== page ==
Raw Hot Cross Buns

What do you make for Easter when you’re eating raw vegan, and you want to go easy on the chocolate?

How about these amazing raw hot cross buns?

Raw hot cross buns

Although I can’t particularly remember what the baked version of these tastes like, my partner swears they taste just like traditional hot cross buns, which is very cool.

They smell pretty awesome when they’re dehydrating, that’s for sure.

And they look amazing too!

Raw hot cross buns - tray of buns

This is another fantastic recipe for using almond pulp leftover from making your own raw almond milk.

And although you might only want raw hot cross buns at Easter, I reckon you could turn this mix into some pretty awesome fruit buns or date scones for eating at any time of year.

Now there’s another experiment for my ever growing list.

Raw hot cross buns - plate of three

I took the opportunity to involve the kids with making this recipe, and it worked really well.

There were lots of things to measure out, or add to the bowl, or just pass over, and I think they had fun helping.

Unfortunately I still couldn’t manage to convince either of them to eat any.

Oh well, more for me I guess.

Raw hot cross buns - tray from above

I enjoyed mine last night with coconut vanilla ice cream, and I think they’d go really well with some raw banana custard too.

I’ve also discovered that the leftover cross icing makes a great butter alternative, when slathered on generously, and it would make a fantastic lemon icing for all kinds of sweet treats.

I even tried a raw hot cross bun with a layer of raw orange marmalade through the middle, and that really worked as well.

So many ways to enjoy them!

My only challenge is knowing when to stop.

Raw hot cross buns - plate and tray

This is a recipe I’m going to be playing with again for sure.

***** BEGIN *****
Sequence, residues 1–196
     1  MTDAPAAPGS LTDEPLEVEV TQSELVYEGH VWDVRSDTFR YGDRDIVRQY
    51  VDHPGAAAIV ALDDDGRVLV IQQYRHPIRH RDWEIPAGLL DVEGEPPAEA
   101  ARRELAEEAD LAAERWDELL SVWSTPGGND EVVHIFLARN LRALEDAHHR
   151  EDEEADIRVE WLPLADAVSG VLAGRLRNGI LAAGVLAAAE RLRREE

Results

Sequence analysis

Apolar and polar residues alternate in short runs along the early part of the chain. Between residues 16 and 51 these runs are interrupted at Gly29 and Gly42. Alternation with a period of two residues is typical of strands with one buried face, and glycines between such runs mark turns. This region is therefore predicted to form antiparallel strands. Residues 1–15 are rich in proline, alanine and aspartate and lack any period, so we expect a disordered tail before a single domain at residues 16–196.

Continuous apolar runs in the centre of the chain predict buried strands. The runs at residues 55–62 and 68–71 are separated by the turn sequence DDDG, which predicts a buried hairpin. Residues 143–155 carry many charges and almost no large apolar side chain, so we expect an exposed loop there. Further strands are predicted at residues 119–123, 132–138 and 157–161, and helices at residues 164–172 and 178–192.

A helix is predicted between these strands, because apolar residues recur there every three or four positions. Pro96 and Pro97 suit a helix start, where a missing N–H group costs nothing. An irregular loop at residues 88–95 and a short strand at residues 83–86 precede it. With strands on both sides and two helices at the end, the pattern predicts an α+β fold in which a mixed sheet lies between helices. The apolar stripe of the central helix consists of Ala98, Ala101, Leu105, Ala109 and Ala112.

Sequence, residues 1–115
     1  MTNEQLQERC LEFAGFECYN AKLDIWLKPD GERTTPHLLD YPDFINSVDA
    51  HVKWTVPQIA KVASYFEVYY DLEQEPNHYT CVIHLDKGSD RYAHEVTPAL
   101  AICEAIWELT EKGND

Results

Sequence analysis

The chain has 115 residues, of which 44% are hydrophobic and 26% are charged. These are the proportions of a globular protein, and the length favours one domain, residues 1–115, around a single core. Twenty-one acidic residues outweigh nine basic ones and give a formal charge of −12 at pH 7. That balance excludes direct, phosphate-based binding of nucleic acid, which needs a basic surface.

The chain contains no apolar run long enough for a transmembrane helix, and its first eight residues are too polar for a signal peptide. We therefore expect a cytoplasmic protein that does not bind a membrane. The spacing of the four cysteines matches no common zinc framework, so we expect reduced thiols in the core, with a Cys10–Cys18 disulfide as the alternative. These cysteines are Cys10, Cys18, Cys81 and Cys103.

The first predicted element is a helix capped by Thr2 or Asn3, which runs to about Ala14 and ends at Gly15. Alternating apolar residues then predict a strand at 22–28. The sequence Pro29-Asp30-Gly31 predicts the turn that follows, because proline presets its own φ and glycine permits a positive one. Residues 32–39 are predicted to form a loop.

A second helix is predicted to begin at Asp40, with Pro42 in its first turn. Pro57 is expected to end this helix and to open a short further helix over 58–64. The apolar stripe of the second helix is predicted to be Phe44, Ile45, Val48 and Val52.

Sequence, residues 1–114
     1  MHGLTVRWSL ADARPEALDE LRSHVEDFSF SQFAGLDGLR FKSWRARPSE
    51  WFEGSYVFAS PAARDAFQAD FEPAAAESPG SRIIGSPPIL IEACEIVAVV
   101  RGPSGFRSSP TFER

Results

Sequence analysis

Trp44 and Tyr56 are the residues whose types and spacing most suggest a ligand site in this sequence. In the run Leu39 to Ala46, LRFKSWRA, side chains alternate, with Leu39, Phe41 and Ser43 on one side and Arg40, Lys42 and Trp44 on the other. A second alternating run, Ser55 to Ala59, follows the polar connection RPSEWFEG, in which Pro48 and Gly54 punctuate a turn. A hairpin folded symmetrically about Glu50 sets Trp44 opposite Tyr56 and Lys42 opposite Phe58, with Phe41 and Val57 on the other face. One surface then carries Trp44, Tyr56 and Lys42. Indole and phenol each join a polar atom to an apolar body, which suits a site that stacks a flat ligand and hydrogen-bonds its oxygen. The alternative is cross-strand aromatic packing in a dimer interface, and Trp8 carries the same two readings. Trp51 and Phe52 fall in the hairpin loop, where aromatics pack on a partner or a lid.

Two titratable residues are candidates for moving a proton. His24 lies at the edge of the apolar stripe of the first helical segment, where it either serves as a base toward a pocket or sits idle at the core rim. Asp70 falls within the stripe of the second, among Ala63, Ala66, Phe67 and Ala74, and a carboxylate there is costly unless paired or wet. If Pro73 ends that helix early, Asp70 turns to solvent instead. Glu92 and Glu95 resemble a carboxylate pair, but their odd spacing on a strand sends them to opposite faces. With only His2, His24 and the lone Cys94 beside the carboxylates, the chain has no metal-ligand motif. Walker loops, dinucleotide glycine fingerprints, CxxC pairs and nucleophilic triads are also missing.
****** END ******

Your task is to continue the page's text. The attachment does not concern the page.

Happy Easter!

Raw Hot Cross Buns
Diets: Raw, vegan, dairy-free, gluten-free, soy-free
Makes: 25 buns
 
Ingredients
Dough
  • 1 cup (75g) psyllium husk
  • 2 cups (320g) almond pulp (leftover from making almond milk)
  • 1 tbsp (15ml) cinnamon
  • 1 tbsp (15ml) mixed spice
  • 1 tsp vanilla powder
  • 1 cup (80g) raisins, soaked to soften
  • ½ cup (120g) finely chopped dates
  • ½ cup (110g) flax meal
  • 1 tsp salt
  • Zest and juice of one orange
  • ~1 cup (125g) filtered water
Glaze
  • Juice of one lemon (50ml)
  • ¼ cup (40g) dried apricots, soaked until soft
  • 4 tbsp (60ml) water
  • 3 squirts stevia (1 squirt = ~20 drops)
Cross
  • 1 cup (140g) cashews, soaked 1 hour
  • ½ cup (125g) filtered water
  • 2 tbsp (30ml) maple syrup
  • 1 tsp vanilla extract
  • 3 squirts stevia (1 squirt = ~20 drops)
  • Zest and juice of half a lemon
  • 4 tbsp (60ml) coconut oil
  • pinch salt
Method
Dough
  1. Combine all ingredients in a bowl, stir to combine, add water and work the ingredients with your hands until you get a dough consistency.
  2. Mould into a flat square shape and cut into 25 buns.
  3. Dehydrate at 40°C for ~8 hours, basting two or three times with glaze.
Glaze
  1. Blend ingredients in high-speed blender until smooth (will be quite thick).
Cross
  1. Blend all ingredients except for the coconut oil in a high-speed blender.
  2. Add coconut oil and blend again. Add a little more water to help it blend if required, but keep the mixture as thick as possible.